going Dutch

or go Dutch

[goh-ing duhch]

What does going Dutch mean?

Do you want me to pick up the bill or do you want to go Dutch?

RELATED WORDS

When dining, going Dutch means each person pays for their own food or drinks.

RELATED WORDS
Examples of going Dutch

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Examples of going Dutch

Dating apps are helping to eradicate old rules and it is now far easier for women to orchestrate our own sexual destiny. We can avoid unwanted attention all with the flick of a finger or a painful “slow fade”. We initiate the contact and we are in control. So why did I still find myself seriously irked after going Dutch on a recent Tinder date?

Georgina Lawton, The Guardian, September 2017  
So im getting my Mom a watch and my Dad and bro are going dutch on a new dryer. Mother's day shopping done.
@wishful_thinkr, May 2014  
Quickmeme

Where does going Dutch come from?

Wise Bread

Going Dutch means that every person in a group of diners or imbibers pays for their themselves. It’s popularly thought the expression originated as a British slur towards the perceived stinginess of Dutch people. While the British certainly did have many colorful phrases against the Dutchand French, and Spanish, and any of their other maritime rivals going Dutch doesn’t appear to be one of them.

Meme Generator

Going Dutch appears to come from a 19th century Americanism, a Dutch treat (or Dutch lunch/supper), which also refers to each person paying their own way in a meal. The Dutch, here, apparently refers not to people from the Netherlands, but from Germany and Switzerland: the Pennsylvania Dutch, who supposedly had a custom of bringing their own food to gatherings, like a potluck.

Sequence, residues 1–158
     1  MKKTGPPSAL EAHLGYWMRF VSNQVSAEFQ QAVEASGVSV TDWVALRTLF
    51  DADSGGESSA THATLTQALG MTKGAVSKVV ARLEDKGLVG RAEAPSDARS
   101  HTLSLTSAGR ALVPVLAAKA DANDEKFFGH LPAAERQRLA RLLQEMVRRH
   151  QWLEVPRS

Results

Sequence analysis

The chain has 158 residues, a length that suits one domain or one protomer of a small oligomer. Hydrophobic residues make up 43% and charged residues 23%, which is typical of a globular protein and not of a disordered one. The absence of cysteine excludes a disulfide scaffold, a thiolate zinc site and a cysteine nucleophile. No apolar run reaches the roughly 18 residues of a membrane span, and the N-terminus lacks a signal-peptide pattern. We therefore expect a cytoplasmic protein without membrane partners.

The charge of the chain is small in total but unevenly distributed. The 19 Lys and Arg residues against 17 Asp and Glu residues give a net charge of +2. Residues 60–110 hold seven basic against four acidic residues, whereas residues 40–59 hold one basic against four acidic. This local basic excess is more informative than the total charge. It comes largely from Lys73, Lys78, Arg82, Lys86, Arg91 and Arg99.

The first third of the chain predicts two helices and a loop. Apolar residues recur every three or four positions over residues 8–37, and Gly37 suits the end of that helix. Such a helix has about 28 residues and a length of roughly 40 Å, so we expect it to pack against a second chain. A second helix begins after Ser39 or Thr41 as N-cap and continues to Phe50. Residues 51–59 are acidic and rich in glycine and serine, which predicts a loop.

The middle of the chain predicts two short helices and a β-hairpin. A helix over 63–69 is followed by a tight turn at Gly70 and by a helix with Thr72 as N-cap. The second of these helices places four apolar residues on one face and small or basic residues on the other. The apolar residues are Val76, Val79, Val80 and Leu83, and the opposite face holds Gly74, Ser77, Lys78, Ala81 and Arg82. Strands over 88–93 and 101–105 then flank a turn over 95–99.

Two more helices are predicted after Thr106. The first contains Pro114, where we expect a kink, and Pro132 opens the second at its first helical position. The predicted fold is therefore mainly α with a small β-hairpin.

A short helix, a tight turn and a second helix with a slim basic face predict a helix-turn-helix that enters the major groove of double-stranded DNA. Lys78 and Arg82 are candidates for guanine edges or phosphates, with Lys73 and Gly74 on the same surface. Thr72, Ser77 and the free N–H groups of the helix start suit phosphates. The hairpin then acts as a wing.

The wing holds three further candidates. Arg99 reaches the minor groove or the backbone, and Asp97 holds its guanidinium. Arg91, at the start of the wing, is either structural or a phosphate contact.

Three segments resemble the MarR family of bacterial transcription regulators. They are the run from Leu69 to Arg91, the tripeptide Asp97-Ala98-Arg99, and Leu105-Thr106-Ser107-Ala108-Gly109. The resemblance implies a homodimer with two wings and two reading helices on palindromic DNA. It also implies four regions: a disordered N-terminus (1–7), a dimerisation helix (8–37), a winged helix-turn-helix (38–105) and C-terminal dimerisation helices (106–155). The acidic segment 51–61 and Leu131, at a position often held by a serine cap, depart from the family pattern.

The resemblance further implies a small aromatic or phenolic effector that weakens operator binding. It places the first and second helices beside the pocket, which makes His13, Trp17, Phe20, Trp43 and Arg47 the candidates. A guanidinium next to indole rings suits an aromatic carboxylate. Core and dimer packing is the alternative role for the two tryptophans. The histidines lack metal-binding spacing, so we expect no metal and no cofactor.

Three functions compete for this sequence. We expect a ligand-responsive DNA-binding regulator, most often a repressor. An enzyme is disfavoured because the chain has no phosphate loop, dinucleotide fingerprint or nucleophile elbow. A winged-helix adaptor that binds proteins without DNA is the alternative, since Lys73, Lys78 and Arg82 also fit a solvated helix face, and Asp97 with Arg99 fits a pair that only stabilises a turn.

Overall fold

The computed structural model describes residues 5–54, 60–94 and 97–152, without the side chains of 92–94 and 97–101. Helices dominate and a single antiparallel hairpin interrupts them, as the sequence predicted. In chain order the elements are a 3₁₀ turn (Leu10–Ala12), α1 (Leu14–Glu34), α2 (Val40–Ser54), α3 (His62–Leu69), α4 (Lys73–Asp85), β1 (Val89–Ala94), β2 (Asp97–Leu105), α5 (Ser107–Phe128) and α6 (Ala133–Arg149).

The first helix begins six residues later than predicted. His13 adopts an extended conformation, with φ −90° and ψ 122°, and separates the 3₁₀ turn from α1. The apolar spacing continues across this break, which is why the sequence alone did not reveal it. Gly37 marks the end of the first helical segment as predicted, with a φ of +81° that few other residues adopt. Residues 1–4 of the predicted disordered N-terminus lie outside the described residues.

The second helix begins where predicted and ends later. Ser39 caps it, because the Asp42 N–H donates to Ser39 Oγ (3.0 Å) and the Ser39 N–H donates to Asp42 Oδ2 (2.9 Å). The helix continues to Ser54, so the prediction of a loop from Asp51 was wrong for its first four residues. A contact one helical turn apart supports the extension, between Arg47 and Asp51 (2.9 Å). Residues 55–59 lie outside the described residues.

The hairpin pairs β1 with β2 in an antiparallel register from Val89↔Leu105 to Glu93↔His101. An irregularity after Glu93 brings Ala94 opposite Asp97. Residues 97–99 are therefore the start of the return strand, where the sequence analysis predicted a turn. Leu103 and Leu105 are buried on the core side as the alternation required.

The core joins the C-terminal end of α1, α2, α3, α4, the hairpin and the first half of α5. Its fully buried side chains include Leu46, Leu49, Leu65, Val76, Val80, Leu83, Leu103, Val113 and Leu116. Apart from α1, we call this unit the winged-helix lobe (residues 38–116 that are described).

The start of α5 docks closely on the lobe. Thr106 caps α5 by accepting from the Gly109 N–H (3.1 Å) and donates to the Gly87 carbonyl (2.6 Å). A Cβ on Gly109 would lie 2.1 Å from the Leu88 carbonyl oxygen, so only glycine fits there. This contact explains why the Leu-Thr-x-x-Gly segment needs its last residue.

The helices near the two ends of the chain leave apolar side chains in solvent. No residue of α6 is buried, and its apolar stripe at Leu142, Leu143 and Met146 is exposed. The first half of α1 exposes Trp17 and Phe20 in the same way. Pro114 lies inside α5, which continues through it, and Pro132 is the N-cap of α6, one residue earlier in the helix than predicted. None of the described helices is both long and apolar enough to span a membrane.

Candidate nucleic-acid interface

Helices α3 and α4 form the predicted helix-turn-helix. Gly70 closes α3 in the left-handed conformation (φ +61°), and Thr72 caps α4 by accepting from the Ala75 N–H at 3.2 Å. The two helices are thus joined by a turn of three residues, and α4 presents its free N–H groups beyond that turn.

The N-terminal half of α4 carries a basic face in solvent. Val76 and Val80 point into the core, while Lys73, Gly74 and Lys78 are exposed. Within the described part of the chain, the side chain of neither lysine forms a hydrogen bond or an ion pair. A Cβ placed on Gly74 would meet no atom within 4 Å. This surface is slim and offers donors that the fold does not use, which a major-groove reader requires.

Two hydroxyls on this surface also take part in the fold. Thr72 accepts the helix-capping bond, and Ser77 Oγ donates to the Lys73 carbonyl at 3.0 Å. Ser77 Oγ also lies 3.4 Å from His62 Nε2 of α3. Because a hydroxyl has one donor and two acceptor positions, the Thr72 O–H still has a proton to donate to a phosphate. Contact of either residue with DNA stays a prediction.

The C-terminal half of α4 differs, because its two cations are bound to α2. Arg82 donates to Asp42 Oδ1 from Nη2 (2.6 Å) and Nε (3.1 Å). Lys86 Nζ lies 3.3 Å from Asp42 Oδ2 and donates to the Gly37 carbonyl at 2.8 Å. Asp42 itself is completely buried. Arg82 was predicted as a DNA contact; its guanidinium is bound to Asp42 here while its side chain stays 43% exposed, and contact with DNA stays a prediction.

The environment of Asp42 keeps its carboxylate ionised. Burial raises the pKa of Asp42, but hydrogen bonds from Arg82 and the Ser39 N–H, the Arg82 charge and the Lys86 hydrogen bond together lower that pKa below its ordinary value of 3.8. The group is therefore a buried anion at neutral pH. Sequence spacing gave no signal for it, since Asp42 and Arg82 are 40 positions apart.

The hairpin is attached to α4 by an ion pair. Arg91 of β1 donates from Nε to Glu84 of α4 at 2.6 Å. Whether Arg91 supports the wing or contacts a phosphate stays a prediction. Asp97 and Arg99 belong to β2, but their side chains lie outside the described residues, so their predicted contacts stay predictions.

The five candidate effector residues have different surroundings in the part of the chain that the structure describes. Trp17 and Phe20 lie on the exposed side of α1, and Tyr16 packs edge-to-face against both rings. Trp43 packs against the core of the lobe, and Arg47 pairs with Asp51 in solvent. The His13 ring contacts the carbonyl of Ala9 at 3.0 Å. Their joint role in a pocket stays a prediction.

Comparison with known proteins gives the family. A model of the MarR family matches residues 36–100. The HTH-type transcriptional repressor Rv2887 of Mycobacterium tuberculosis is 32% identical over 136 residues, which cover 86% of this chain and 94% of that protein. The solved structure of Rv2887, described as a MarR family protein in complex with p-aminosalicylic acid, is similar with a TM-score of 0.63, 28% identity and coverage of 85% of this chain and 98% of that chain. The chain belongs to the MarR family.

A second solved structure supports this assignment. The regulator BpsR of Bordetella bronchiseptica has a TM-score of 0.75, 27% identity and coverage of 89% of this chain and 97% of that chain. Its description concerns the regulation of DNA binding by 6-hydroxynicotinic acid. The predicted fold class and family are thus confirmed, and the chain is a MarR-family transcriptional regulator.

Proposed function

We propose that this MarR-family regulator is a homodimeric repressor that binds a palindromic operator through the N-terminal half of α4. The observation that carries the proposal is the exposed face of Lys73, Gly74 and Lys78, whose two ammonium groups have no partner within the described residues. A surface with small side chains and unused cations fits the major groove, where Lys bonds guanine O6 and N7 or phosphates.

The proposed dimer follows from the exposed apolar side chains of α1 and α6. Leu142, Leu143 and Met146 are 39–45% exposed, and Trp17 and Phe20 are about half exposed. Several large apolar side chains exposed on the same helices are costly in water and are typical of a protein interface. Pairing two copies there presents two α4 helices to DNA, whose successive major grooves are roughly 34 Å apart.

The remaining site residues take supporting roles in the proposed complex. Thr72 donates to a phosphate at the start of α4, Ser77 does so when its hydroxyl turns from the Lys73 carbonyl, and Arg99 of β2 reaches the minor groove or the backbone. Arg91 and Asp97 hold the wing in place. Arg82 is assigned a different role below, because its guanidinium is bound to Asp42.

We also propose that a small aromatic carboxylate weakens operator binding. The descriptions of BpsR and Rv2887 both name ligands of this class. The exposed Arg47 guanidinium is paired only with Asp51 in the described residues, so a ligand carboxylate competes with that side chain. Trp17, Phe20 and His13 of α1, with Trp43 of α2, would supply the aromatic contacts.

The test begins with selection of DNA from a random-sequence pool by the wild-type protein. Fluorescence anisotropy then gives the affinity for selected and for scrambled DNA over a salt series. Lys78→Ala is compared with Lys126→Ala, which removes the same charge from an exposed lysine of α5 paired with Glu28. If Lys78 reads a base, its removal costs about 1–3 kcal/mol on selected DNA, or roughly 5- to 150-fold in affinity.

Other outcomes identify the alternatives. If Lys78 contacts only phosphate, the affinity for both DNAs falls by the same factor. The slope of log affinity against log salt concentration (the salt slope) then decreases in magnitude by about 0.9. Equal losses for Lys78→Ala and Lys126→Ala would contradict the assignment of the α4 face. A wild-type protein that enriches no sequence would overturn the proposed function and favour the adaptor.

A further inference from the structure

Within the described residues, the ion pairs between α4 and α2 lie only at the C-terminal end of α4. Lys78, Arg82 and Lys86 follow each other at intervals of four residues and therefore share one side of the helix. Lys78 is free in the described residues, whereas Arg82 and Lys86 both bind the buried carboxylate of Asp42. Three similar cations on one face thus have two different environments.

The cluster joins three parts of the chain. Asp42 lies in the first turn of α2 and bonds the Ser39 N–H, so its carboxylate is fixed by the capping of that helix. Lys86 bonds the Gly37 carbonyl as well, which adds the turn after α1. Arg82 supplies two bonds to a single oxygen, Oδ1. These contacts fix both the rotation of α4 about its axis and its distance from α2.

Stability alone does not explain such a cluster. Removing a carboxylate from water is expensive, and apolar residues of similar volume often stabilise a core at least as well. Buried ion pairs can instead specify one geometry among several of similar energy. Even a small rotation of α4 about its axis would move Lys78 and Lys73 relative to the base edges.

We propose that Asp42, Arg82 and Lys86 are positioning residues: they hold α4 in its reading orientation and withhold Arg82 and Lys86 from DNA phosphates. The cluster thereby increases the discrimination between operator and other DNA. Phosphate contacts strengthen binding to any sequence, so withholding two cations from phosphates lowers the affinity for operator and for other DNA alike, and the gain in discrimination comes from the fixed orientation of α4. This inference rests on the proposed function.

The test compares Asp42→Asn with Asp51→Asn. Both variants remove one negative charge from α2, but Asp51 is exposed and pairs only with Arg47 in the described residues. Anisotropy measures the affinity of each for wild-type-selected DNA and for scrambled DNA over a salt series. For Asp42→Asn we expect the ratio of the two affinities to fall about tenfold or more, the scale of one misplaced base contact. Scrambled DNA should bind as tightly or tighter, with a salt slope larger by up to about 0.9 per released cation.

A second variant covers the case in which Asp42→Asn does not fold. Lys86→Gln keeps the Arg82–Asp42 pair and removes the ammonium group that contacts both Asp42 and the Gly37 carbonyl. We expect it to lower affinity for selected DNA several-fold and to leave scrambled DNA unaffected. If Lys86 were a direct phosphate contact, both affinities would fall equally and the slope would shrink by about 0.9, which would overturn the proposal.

TripSavvy

Dutch treat is attested as early as 1873 in a Missouri newspaper referring to drinkers pay their own bar tabs. The idiom going Dutch is recorded as early as 1914 and spread throughout the English-speaking world.

Who uses going Dutch?

Going Dutch is generally used of purchasing food and drinks, but it can also be used of other purchases, such people splitting the costs of gifts, or sharing responsibility in a group effort.

Among friends, going Dutch is a casual and common practice. Among romantic partners, however, going Dutch can seem cheap and rude, especially if a man doesn’t pay for a female date’s dinner. That said, some may find this custom old-fashioned and patriarchal.

 

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